(Not) unravelling generator expressions

In this post on Python's syntactic sugar, I want to try to tackle generator expressions. If you look at the language definition for generator expressions you will see that it says, "[a] generator expression yields a new generator object" for what is specified (which is essentially a compact for loop with an expression for the body). So what does that look like if you take away the Python "magic" and unravel it down to its core Python semantics?

The bytecode

Let's take the following example:

def spam():
    return (b for b in a)
Example generator expression

The bytecode for this is:

  1           0 LOAD_CONST               1 (<code object <genexpr> at 0x10076b500, file "<stdin>", line 1>)
              2 LOAD_CONST               2 ('spam.<locals>.<genexpr>')
              4 MAKE_FUNCTION            0
              6 LOAD_GLOBAL              0 (a)
              8 GET_ITER
             10 CALL_FUNCTION            1
             12 RETURN_VALUE

Disassembly of <code object <genexpr> at 0x10076b500, file "<stdin>", line 1>:
  1           0 LOAD_FAST                0 (.0)
        >>    2 FOR_ITER                10 (to 14)
              4 STORE_FAST               1 (b)
              6 LOAD_FAST                1 (b)
              8 YIELD_VALUE
             10 POP_TOP
             12 JUMP_ABSOLUTE            2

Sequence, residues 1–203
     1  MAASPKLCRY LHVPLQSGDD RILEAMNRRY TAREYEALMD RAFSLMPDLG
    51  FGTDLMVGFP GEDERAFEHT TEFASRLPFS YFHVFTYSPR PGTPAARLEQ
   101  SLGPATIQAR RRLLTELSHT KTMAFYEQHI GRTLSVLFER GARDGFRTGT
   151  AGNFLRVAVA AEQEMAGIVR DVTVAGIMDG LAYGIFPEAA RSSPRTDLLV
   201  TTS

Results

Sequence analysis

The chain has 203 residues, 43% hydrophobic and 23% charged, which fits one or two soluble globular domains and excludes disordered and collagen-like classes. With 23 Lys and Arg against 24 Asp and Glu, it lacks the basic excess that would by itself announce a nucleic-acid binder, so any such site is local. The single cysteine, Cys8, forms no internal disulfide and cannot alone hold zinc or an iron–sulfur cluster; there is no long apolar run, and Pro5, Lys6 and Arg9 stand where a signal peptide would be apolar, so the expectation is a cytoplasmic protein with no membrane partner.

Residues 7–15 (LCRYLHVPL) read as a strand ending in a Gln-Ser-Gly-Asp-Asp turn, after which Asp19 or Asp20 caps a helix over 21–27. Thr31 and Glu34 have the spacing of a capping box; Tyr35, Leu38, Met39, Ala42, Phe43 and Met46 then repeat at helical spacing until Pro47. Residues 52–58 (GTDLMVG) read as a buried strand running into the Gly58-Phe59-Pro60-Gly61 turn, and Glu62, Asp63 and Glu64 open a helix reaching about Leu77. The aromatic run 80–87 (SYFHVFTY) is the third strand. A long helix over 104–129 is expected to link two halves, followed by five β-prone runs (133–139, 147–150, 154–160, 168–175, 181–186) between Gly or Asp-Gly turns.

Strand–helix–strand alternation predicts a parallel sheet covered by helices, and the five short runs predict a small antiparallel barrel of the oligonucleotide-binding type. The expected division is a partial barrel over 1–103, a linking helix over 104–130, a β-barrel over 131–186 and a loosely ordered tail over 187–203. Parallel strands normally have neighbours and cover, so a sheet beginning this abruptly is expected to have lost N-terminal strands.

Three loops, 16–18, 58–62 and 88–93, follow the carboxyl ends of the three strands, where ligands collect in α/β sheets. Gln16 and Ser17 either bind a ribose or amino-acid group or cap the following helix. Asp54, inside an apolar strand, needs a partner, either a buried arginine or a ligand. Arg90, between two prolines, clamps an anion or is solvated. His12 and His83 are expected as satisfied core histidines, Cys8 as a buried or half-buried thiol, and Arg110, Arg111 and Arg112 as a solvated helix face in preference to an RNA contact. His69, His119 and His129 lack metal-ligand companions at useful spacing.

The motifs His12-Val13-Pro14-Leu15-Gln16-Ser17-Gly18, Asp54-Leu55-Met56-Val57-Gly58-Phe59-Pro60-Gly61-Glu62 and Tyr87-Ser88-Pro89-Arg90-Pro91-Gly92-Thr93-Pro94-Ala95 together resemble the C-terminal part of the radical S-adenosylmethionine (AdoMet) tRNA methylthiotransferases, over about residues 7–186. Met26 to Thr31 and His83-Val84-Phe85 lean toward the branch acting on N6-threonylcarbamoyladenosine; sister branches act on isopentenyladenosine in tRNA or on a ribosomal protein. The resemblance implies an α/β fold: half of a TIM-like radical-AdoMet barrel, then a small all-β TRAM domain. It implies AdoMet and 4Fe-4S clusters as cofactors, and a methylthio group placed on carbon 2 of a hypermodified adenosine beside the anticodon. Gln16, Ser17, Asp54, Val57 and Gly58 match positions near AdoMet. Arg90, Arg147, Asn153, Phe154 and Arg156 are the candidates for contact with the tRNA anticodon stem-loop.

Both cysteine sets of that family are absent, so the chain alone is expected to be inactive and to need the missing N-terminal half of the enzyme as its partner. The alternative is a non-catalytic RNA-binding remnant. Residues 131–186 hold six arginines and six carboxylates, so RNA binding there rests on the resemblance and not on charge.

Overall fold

>>   14 LOAD_CONST               0 (None)
             16 RETURN_VALUE
Bytecode for the example generator expression

You may notice a couple of things that are interesting about this:

  1. The generator expression is very much just a for loop in a generator.
  2. The generator expression is stored as a constant in the function.
  3. a gets explicitly passed into the generator expression.

The semantics

The explicit passing of a is the surprising bit in how generator expressions work, but it actually makes sense when you read the explanation as to why this occurs:

... the iterable expression in the leftmost for clause is immediately evaluated, so that an error produced by it will be emitted at the point where the generator expression is defined, rather than at the point where the first value is retrieved. Subsequent for clauses and any filter condition in the leftmost for clause cannot be evaluated in the enclosing scope as they may depend on the values obtained from the leftmost iterable.

So by passing a in, the code for a is evaluated at the time of creation of the generator expression, not at the time of execution. That way if there's an error with that part of the code the traceback will help you find where it was defined and not simply to where the generator expression happened to be run. Since subsequent for loops in the generator expression may rely on the loop variant in the first clause, you can't eagerly evaluate any other parts of the expression.

The unravelling

There's a couple of details that required  to make unravelling a generator expression successful, so I'm going to build up a running example to cover all the various cases.

With only one for loop

Let's start with (c for b in a) where c can be some expression. To unravel this we need to make a generator which takes in a as an argument to guarantee it is eagerly evaluated where the generator expression is defined.

def _gen_exp(_leftmost_iterable):